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Design of Thermally Activated Delayed Fluorescence Materials for Organic Light-Emitting Diodes
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Design of Thermally Activated Delayed Fluorescence Materials
for Organic Light-Emitting Diodes



Organic light-emitting diodes (OLEDs) are ultrathin two-dimensional light sources based on soft amorphous organic semiconductors. Owing to their high color rendering, high flexibility, and low power consumption, OLEDs have gained tremendous interest as next-generation displays and lighting sources. Here, we discuss a concept of thermally activated delayed fluorescence (TADF) that has recently been introduced to realize 100% internal quantum efficiencies of electron-to-photon conversion in OLEDs. We aim to provide a rational guide for designing intramolecular donor−acceptor systems that exhibit highly efficient TADF.


Organic light-emitting diodes (OLEDs), which consist of very thin, stacked layers of organic semiconductors, can transform electrical energy into light (Fig. 1(a)). Owing to their form factor, OLEDs can serve as two-dimensional light sources, which enables practical commercial applications in general solid-lighting and display devices, including mobile phones and flat-panel televisions. Moreover, OLEDs have many excellent characteristics, such as self-luminescence, high color rendering, high electroluminescence (EL) efficiency, high flexibility, and low power consumption. It is expected that the number of products and applications utilizing OLED technologies will increase to a large extent in the future.

Fig. 1: (a) Photograph of an OLED that transforms electricity into visible light. (b) Device architecture of typical OLEDs. (c) Schematic energy-level diagram of typical OLEDs.

The prospect of using organic semiconductor materials for OLEDs has flourished over the last three decades since the seminal work of Tang and Van Slyke in 1987 [1]. Their prototype OLED using tris(8-quinolinolato)aluminum(III) (Alq3) as a fluorescence emitter exhibited an external EL quantum efficiency (ηext) of 1% and a brightness of 1000 cd m-2. In 1990, Burroughes et al. demonstrated the first OLED based on a fluorescent polymer emitter, poly(p-phenylene vinylene) [2].

Driven by an external electrical field, the holes and electrons in OLEDs are injected from the anode and cathode, respectively, and transported to an emission layer, located at the center of the device (Fig. 1(b), 1(c)). Upon recombination of holes and electrons in the emission layer, the emitter molecules are electronically excited. In general, the theoretical maximum of ηext, which corresponds to the number of photons emitted from the OLED device per charge carriers injected into the device, is expressed by the following equation.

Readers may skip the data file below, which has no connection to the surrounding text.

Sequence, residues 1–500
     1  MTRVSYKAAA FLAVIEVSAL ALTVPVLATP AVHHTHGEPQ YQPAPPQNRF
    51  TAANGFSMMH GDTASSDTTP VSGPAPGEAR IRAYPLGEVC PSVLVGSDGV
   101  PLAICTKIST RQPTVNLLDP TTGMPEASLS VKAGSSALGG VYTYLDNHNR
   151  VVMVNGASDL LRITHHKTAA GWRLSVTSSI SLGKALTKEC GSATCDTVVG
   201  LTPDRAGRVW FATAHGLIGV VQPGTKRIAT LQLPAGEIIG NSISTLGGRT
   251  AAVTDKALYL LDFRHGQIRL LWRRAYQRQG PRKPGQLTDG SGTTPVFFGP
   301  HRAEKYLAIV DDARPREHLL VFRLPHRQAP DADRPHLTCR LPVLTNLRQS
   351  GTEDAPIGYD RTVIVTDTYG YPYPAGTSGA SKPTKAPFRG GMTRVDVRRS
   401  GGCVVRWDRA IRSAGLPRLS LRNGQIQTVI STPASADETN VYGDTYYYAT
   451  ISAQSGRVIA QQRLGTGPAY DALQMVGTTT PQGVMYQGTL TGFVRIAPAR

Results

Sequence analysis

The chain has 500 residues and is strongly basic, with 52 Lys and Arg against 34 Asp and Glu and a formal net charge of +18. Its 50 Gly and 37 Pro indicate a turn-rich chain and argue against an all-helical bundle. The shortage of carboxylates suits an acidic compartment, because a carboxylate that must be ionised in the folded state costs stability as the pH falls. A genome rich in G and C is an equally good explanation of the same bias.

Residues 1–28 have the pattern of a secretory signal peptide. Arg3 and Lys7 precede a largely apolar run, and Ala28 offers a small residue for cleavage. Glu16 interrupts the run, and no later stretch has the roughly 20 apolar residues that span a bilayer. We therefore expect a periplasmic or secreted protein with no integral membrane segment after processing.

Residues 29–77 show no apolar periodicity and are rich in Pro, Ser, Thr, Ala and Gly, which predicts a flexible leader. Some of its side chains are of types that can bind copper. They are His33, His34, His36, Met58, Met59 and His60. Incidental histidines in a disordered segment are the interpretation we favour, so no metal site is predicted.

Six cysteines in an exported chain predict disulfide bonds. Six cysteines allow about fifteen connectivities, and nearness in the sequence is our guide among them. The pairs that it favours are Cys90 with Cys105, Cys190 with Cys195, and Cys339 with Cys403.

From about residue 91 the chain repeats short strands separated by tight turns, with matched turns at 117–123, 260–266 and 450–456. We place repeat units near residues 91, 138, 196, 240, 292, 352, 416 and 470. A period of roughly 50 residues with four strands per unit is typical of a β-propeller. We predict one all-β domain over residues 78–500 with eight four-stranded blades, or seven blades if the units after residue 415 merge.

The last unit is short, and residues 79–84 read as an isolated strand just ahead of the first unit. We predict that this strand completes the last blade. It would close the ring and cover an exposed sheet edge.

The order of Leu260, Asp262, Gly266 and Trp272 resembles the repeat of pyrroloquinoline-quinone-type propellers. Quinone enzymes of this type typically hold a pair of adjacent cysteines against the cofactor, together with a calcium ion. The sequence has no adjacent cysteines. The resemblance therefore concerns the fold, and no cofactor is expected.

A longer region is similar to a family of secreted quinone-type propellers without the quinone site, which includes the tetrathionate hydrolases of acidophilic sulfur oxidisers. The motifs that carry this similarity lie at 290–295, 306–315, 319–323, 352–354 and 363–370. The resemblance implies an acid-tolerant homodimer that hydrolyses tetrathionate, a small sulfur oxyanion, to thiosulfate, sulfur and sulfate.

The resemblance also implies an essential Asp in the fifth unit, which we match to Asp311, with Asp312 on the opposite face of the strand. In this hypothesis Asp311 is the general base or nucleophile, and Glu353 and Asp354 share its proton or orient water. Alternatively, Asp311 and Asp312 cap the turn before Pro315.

Here, ηint is the internal EL quantum efficiency, ηout is the light out-coupling efficiency, γ is the charge balance factor, ηST is the fraction of radiative excitons, and ΦPL is the photoluminescence (PL) quantum efficiency of the emitters. Ideally, γ and ΦPL can be close to unity if holes and electrons are fully balanced and recombined to generate excitons in the emission layer, and the emitter material possesses an appropriately high luminescence property. ηout is generally assumed to be approximately 20% in a randomly oriented emitter for a device without out-coupling enhancement. Meanwhile, the electrical excitation typically leads to the formation of singlet and triplet excitons with a probability of 25% and 75%, respectively, according to spin statistics [3]. Therefore, for conventional fluorescent OLEDs, the theoretical maximum of ηint is limited to 25% (Fig. 2(a)), because only the singlet excitons enable spin-allowed emissive transitions, and the remaining triplet excitons are lost as heat.

Fig. 2: Schematic representation of three different types of electroluminescence mechanisms in OLEDs: (a) fluorescence (up to 25% internal quantum efficiency), (b) phosphorescence, and (c) thermally activated delayed fluorescence (TADF) (up to 100% internal quantum efficiency).

An effective way to circumvent this problem is to utilize phosphorescence [4], i.e., the radiative transition from the lowest excited triplet (T1) states to the singlet ground (S0) state (Fig. 2(b)), from heavy transition metal-containing organometallic complexes, such as tris(2-phenylpyridinato)iridium(III) (Ir(ppy)3) [5]. Phosphorescence is a spin-forbidden transition, yet it becomes allowable due to strong spin−orbit coupling induced by the heavy transition metal center. As a result, all electro-generated excitons can be harvested by the T1 state via intersystem crossing (ISC), leading to ηint of nearly 100% in phosphorescent OLEDs [6]. However, phosphorescent materials rely on precious metals such as iridium and platinum. The expense and rarity of such precious-metal complexes limit the cost effectiveness and long-term mass production of phosphorescent OLEDs. Moreover, it is still difficult to produce efficient pure-blue phosphorescent materials exhibiting high quantum efficiency, color purity, and long-term stability, which would hamper the widespread application of phosphorescent OLEDs in the future.

Recent studies by Adachi and coworkers and other research groups have paved an alternative way for the realization of high-efficiency, precious-metal-free OLEDs by utilizing the mechanism of thermally activated delayed fluorescence (TADF) (Fig. 2(c)) [7,8]. In the TADF mechanism, purely organic luminescent compounds with very small singlet−triplet energy splitting (ΔEST) enable efficient up-conversion of the excited T1 states to the emissive lowest excited singlet (S1) state via reverse intersystem crossing (RISC). In the last couple years, considerable research efforts have been invested for exploring efficient TADF materials and understanding their unique photophysical properties, in order to realize ηint of 100% without using precious metals in OLEDs [8]. In this Feature Article, we focus on recent progress on purely organic TADF materials, and describe the molecular design and photophysical properties of TADF materials as well as their OLED performances.


TADF is typically observed in luminescent organic materials having a very small ΔEST, since the thermal energy (kBT ≈ 25.6 meV) at room temperature can assist RISC from the T1 state to the S1 state. The origin of RISC involves the mixing of the excited T1 and S1 states, which is caused by spin−orbit coupling (HSO). According to first-order perturbation theory, the first-order mixing coefficient (λ) is expressed by the following equation.